# of


Note that E9, the one document in the file with the misspelled term "organomagnsium" would probably be missed in a subject search if not spotted in the expand list, so the search statement to pull all of the variants into one set in the CA file would be:

For the online CA File on STN, the preferred terms are searched with the field labels "CT" for phrases or "CW" for words. Thus, a search for parasympathomimetics would find in the Index Guide that the preferred phrase to search is Cholinergic agonists. The online CA file search using command language would then be:


In an online search, it is important to include the CAS standard abbreviations and acronyms since the abbreviations are used in preference to the full terms in the online records, hence, in the Basic Index of the CA File.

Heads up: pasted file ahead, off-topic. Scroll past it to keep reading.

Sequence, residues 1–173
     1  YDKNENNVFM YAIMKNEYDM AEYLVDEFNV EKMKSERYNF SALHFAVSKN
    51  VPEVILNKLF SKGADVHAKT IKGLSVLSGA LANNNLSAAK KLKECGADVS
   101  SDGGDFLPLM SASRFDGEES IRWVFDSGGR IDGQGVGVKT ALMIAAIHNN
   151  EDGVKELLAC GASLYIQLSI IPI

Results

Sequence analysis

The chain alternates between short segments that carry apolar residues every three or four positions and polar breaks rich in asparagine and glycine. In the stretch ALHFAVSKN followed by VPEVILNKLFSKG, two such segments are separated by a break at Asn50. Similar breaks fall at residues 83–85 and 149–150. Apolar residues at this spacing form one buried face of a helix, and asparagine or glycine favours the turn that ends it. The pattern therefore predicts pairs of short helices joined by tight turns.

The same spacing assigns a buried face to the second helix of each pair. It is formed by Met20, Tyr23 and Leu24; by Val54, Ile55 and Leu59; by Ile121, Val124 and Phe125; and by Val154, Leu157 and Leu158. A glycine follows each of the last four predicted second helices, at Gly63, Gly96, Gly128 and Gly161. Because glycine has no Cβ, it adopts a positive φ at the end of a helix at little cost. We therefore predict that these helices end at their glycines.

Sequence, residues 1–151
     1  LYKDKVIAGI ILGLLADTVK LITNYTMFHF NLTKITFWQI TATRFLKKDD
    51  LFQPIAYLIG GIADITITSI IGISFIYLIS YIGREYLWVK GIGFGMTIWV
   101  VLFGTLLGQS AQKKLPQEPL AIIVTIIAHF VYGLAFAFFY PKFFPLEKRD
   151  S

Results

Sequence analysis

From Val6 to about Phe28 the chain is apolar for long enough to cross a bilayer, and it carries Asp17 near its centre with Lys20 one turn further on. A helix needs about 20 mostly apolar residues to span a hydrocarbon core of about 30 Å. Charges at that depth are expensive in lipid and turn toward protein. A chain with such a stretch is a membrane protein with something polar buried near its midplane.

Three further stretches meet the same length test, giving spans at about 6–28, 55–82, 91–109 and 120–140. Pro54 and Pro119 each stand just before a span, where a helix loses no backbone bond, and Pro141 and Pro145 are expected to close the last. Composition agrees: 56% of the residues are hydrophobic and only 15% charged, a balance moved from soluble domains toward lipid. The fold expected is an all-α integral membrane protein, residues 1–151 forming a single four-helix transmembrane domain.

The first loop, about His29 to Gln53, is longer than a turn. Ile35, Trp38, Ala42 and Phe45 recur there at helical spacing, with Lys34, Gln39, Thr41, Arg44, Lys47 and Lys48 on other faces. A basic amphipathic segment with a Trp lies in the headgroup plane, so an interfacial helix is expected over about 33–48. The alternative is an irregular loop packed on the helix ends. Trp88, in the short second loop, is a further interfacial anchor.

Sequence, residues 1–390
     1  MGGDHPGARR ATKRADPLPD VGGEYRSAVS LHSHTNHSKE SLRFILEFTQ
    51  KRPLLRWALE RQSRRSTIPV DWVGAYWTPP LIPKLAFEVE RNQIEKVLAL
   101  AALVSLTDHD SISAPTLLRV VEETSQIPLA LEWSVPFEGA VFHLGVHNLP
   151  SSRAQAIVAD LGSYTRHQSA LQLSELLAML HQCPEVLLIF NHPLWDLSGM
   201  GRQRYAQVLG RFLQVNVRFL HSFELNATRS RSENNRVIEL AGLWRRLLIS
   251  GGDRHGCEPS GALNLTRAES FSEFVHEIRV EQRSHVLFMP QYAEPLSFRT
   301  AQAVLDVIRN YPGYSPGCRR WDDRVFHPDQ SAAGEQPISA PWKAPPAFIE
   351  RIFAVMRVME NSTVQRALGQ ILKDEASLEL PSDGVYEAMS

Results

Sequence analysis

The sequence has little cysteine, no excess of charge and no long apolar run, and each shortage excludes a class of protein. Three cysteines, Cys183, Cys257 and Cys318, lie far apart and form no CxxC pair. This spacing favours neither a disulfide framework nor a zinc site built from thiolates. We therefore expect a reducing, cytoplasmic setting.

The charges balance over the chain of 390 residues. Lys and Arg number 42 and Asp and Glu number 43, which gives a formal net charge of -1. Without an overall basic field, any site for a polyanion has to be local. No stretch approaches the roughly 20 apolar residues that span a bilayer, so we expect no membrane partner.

One can always issue the DISPLAY IND command to see how a particularly relevant document has been indexed and then input relevant indexing terms to broaden or narrow a search. Look especially for abbreviations such as DETN or DEGRDN. These are used in preference to the full terms such as determination, degradation, etc. in indexing CA. See CAS Standard Abbreviations and Acronyms. On the STN system, it is now possible to use the command SET ABBREVIATION ON to automatically check if there are CAS abbreviations used for the search terms you input. If so, the system automatically searches those forms. If SET PLURAL ON is also in use, the plural forms of the abbreviations will also be found. Users of SciFinder and SciFinder Scholar do not need to worry about such subleties because the search algorithm authomatically makes allowances for such variants.